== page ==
As for the law enforcement system “unfairly” focusing on drug offenses, Patterson has clearly never been to a police-community meeting in Harlem, Brooklyn’s Bedford-Stuyvesant, or any other poor urban neighborhood. Had he done so, he would have heard the following full-throated cry from the community: “Get the dealers off the streets and keep them off the streets.” Law-abiding residents of poor minority neighborhoods cannot understand why dealers arrested one day are back on the corner the next day; they rail against prosecutors who plead out drug crimes rather than sentencing the perpetrators to serious time. Unlike ivory-tower academics, people who live in the midst of the drug trade understand that violence is its constant subtext. Whether or not a dealer is actually flashing a gun at any given moment, the threat of gun violence is ever-present where the drug culture flourishes, which is why it scares the heck out of poor, upstanding citizens who live with it.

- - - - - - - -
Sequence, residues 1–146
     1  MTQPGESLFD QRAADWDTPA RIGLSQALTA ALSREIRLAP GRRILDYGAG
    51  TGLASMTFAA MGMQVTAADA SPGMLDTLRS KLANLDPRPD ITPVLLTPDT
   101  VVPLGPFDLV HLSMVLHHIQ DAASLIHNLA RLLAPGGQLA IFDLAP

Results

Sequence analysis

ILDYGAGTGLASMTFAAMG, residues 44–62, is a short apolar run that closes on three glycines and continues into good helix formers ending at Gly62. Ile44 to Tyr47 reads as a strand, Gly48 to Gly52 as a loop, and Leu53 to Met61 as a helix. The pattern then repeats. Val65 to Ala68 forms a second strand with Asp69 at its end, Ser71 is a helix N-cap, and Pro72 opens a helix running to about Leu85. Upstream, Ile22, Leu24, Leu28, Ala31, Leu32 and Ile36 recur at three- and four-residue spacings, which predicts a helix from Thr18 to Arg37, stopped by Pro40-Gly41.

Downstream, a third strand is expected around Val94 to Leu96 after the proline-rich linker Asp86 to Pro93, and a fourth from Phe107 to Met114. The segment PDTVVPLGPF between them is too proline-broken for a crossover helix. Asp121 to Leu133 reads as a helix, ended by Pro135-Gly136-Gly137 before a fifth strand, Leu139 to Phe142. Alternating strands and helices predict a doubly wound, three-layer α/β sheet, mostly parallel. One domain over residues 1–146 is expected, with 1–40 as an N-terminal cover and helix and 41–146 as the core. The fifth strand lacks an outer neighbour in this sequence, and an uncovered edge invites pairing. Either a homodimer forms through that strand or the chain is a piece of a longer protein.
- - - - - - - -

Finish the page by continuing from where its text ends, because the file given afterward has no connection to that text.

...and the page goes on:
Patterson also decries “draconian mandatory sentencing.” But such sentencing regimes were a response to popular anger against judges who let criminals back on the street to prey on the law-abiding. And the alleged “retreat from rehabilitation” in prisons came after the recognition in the 1970s that such programs had little effect on recidivism. Prison rehab efforts still show only “modest reductions” in recidivism, wrote criminologist Jeremy Travis in 2001. To be sure, much could be improved in how we hold prisons accountable for the prisoners they release and in how we reintegrate ex-cons into society. But a bigger problem is that most inmates take no advantage of the programs that are available to them.